5 Investment concepts

The whole purpose of valuation is to find out the approximate price at which you can buy a stock. And, if you do that, the return you deserve for taking that risk .

For this, there are some concepts that you should be aware of. They are –

  • Concept 1.

Intrinsic value – A notional value of the stock based on certain calculations. A price at which you feel the share is worth buying. Read More

  • Concept 2.

Book value – what a company is worth recordically. It’s computed from the balance sheet by adding up all the assets and deducting from it the total liabilities of the company.Read More

  • Concept 3.

Margin of safety – A general theory of safety applicable in all walks of life-not only in finance. For example- If you are driving a car at 100 mph, would you drive it so close to the vehicle in front? No. You’ll leave a distance. Why? Because, you need a margin or a space to break your car to safety just in case the driver in front commits an error. Faster you drive, more distance or margin of safety you need.

Similar is the case with shares. Unforeseen events can ruin a company or errors are possible in your calculations and assumptions. So you’d try to buy a share only at a rate that’s 30 or 40% below your ‘intrinsic value’ calculations- just in case…. The more risk averse you are, more Margin you need. Iconic investor Warren buffet recommends a margin of more than 2/3rds or 66% from intrinsic value.

  • Concept 4.

Risk premium – The minimum amount of return that an investor expects to park his cash in risky assets like stocks instead of risk free deposits. This is the difference between the average return of stock markets and return from risk free investments.

  • Concept 5.

Cost of equity – A company gets money to do business in two ways – loans and capital contribution from shareholders. Loans carry interest. So, the cost of availing loan is known. Equity capital contributors have to be compensated by the company by giving them returns.What is the rate of return to be given to equity investors? There is no specific rate of return. The returns given by the company should be sufficient to compensate the risk that the investors have taken in giving money to the company. This rate of return is called the cost of equity.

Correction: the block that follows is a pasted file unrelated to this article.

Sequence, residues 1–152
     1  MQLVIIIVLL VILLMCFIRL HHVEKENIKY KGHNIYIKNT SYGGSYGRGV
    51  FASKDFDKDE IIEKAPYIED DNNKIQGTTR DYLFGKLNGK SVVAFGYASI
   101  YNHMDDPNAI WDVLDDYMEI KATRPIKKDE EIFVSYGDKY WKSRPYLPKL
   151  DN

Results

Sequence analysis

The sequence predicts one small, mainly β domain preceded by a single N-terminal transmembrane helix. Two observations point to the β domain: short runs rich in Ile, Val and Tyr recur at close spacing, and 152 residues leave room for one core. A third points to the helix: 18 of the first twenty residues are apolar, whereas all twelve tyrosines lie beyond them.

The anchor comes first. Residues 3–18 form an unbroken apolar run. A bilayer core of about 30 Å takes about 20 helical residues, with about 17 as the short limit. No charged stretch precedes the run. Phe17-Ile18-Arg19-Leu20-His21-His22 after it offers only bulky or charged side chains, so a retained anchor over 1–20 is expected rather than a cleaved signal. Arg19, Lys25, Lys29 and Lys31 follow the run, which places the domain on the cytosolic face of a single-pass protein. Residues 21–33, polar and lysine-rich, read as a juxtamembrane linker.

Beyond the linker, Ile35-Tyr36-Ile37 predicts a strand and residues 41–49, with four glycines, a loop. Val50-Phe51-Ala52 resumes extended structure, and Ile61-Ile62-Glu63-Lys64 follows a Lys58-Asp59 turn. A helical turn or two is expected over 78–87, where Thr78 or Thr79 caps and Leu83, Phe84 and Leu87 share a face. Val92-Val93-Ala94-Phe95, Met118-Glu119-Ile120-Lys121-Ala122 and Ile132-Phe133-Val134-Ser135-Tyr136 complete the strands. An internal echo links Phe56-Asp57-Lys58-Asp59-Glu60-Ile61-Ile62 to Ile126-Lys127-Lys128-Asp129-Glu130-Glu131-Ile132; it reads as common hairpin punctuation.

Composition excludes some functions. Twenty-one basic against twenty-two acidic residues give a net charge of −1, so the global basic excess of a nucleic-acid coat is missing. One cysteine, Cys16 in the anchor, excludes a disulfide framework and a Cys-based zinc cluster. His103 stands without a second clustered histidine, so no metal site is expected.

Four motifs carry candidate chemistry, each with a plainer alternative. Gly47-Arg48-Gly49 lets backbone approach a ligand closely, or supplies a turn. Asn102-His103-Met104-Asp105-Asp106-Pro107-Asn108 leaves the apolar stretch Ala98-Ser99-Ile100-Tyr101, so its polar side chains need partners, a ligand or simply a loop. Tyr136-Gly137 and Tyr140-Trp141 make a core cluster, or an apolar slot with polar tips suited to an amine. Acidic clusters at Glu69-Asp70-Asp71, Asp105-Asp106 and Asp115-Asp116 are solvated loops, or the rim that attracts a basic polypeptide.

The cost of equity is directly related to risk. If the shares of a company are considered risky, investors would demand more return to park their funds in that company instead of a safer one.

We take up all these concepts in our next posts.

You may like these posts:

  1. What are the stages in investment process?
  2. Understanding ROE & ROCE.
  3. Which investment is best for you?

4 Responses to “5 Investment concepts”


January 24, 2012 at 8:00 am

Short and crisp article, very nice to know these. Isn’t book value with margin of safety similar to intrinsic value, not by calculation but by concept to shortlist a stock? What I mean is, if you know that a stock is fundamentally good, and the you could decide on buying that stock if the market price is below book value with a margin of safety?

J Victor

January 24, 2012 at 12:20 pm

Book value x margin of safety is not intrinsic value.

I’ll explain why:

Intrinsic value is derived after considering all the factors that add up to a company’s value which includes:

1. Book value.
2. Intangible assets (like goodwill, intellectual property, brand value etc.)
3. Future prospects and expected profitability
4. Quality of the management
5. Financial fundamentals
6. Estimate of Risk factors ( of the industry and the company)

So, if you just reduce item 1 (book value) by a margin of safety you don’t arrive at the intrinsic value. What you arrive at is called ‘reduced book value’. Theoretically, you could make a profit from any company if you buy it at reduced book value .How? Since you get all the assets at less than what is in books, just buy the entire company and liquidate it off !!

But in real life, we are here to buy just a tiny fraction of a ‘promising’ company. A company whose future is bright.

When you add items 2 to 6 to book value, you are trying to reduce the ‘bright future’ of the company in TODAY’s monetary terms. (Most values would be a best guess or estimates ). When you do that, what you arrive at is called intrinsic value. Hence intrinsic value is an estimate rather than an absolute value.

To say it from another angle, intrinsic value is the discounted value of future cash that could be generated by the company. It keeps changing as the interest rate and future outlook of the business changes.


January 24, 2012 at 11:24 pm

Thanks for taking time to explain that Victor, appreciate it. It makes sense now since all the fundamentally good stocks are always at or above P/BV of 2, they are available at a market price of more than twice their book value. I just saw a new article in your blog called “Concept 1: Intrinsic Value”, I will read that to understand the concept better. Thanks again for all your efforts.


January 25, 2012 at 11:56 am

I am really satisfied with this posting that you have given us. Thank you and looking for more posts

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